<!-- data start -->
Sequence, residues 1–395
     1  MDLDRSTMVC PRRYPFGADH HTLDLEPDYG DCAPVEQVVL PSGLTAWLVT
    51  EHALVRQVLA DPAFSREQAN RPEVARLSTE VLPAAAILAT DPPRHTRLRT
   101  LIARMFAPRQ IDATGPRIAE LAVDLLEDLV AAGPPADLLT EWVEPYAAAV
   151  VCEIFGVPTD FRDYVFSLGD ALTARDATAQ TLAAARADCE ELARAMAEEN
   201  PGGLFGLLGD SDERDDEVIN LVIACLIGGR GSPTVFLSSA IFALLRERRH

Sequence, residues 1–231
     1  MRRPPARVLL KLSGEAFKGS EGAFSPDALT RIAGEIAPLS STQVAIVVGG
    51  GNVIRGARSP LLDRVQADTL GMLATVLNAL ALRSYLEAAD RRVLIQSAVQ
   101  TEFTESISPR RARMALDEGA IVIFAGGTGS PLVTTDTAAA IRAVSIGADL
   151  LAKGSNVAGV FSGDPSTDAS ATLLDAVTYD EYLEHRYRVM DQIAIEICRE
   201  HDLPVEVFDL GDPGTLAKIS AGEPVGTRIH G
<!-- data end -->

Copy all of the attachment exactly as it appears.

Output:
Sequence, residues 1–395
     1  MDLDRSTMVC PRRYPFGADH HTLDLEPDYG DCAPVEQVVL PSGLTAWLVT
    51  EHALVRQVLA DPAFSREQAN RPEVARLSTE VLPAAAILAT DPPRHTRLRT
   101  LIARMFAPRQ IDATGPRIAE LAVDLLEDLV AAGPPADLLT EWVEPYAAAV
   151  VCEIFGVPTD FRDYVFSLGD ALTARDATAQ TLAAARADCE ELARAMAEEN
   201  PGGLFGLLGD SDERDDEVIN LVIACLIGGR GSPTVFLSSA IFALLRERRH

Sequence, residues 1–231
     1  MRRPPARVLL KLSGEAFKGS EGAFSPDALT RIAGEIAPLS STQVAIVVGG
    51  GNVIRGARSP LLDRVQADTL GMLATVLNAL ALRSYLEAAD RRVLIQSAVQ
   101  TEFTESISPR RARMALDEGA IVIFAGGTGS PLVTTDTAAA IRAVSIGADL
   151  LAKGSNVAGV FSGDPSTDAS ATLLDAVTYD EYLEHRYRVM DQIAIEICRE
   201  HDLPVEVFDL GDPGTLAKIS AGEPVGTRIH G